My weakness has to be the odd bottle of red over a weekend, especially if there is rugby on BFBS.
I'm afraid you've missed the point Sashasdad, carbs from grains are not good, and that includes pizza base, however thin or fresh. Ditto the pasta which is made from Durum wheat.
Get hold of the book Big Fat Lies by Hannah Sutter and you'll see what I mean. Or go to www.marksdailyapple.com and use the search box on top right to look for grains.
I've been using ground almonds instead of flour and make a pizza base as follows - 100 g of ground almonds mixed with a beaten egg (you can add a little salt and herbs if you want) the consistency should be very thick paste which you can press out/roll flat to make a thin pizza base - add more almonds/egg to achieve this. Roll between two sheets of greaseproof paper or you'll have a sticky mess! Then bake the base for around 10 mins at 180 c keeping an eye on it, you want it to start drying out, not brown. Then add all your normal pizza toppings as desired - bake for another 10-15 mins at 180 c - absolutely yummy.
You can also use almond 'flour' (and other nut flours) to make batters to coat chicken/fruit also to make pancakes and drop scones and recently I used it to make a banana 'cake'. Really excellent.
Not suggesting to have one everyday, but can be used as a treat surely. Over here the majority of pizzas are made using type 00 wheat and not the normal all purpose flour used in the UK. Also type 00 is higher in protein then normal flour.
Once knew a comms guy who would alternate his diet, carbs one day, protein the next and never mix the two. Seemed to work for him.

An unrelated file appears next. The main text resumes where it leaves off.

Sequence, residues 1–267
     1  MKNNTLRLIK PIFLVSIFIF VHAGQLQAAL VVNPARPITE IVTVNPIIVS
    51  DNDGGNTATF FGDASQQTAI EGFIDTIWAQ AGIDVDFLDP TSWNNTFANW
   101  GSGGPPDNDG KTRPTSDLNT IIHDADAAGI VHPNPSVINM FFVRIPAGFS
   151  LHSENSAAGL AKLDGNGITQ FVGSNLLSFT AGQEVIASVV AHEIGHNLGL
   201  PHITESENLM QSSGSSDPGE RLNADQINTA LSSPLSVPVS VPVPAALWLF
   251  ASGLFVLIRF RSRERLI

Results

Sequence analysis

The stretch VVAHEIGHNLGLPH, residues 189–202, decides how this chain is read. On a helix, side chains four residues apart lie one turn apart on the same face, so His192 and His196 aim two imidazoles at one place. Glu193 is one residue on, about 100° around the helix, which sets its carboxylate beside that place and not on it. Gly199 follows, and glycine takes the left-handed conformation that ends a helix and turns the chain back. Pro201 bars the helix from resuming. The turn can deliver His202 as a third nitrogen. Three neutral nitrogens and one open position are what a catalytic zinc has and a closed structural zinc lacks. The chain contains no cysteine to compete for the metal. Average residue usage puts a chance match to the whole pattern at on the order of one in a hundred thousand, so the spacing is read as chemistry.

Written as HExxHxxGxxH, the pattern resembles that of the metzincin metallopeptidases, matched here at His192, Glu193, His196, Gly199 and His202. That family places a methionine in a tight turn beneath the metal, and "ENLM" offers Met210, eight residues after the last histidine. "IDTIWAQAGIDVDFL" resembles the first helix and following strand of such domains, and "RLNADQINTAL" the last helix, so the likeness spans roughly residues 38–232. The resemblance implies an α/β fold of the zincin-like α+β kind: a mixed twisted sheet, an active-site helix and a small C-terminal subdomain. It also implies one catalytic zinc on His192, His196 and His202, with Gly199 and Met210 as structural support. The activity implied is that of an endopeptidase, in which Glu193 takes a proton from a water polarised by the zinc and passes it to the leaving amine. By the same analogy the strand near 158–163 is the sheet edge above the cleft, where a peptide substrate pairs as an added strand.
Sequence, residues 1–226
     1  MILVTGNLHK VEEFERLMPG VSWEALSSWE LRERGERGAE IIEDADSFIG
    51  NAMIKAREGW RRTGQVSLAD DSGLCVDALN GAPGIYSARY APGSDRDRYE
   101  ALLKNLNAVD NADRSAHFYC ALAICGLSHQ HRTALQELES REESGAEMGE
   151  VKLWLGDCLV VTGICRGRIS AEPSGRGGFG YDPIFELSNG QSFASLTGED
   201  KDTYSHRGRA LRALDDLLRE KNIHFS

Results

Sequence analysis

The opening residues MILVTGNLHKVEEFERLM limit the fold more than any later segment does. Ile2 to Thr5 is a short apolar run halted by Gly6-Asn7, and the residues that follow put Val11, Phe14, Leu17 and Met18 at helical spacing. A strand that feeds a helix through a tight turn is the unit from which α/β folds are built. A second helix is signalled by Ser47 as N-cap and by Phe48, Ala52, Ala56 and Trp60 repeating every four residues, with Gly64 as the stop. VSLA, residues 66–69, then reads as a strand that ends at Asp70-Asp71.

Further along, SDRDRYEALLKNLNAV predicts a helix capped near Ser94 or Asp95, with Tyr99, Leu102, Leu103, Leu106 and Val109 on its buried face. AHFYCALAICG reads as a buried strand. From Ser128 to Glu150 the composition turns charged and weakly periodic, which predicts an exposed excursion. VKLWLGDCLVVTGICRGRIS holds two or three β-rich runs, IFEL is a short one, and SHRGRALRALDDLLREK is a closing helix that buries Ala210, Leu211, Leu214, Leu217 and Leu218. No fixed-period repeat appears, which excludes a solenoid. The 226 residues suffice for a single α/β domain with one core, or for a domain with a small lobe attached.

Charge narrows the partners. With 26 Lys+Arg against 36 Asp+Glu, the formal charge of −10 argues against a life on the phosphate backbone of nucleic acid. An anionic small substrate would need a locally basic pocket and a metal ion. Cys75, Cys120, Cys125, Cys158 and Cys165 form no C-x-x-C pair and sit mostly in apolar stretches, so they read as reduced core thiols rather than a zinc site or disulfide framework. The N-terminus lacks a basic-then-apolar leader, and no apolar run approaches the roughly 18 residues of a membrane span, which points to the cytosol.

Fresh fruit, fresh veg and the best cuts of meat you can afford. Luckily out here the nearest fast food place is on the local american base so I can limit my burger content to absolute zero
Well done to Bev by the way.
Buona fine settimana ragazzi.
What anyone else does is entirely up them! However, I reiterate, go read the posts/books, there are no redeeming factors about wheat (and other grains), period!
And, try it yourself, live without adding sugar or grains for a week or so, you'll be surprised how you feel; even energy, no post sugar slumps(and that's what all starches break down to however 'whole' they start), no hunger, more mental alertness, and reducing body fat. We can get all the carbs we need from lots of vegetables (with a few exceptions), some fruit and nuts, these carbs come packed with all the other great nutrients we need for human health unlike flour (that only contains anything worth having if it's been artificially fortified).
Nothing wrong with a pure 100% meat burger either (just skip the bun), fat is not your enemy, it's all a complete lie that has been promulgated by the US/UK government for the last 50 years and is based on bad science and vested interests. Have a look at the make up of the official bodies, the FDA etc and see how many are not either large shareholders in, or funded by the food industry (we are talking Pepsi, Coke etc) you will be there a long time.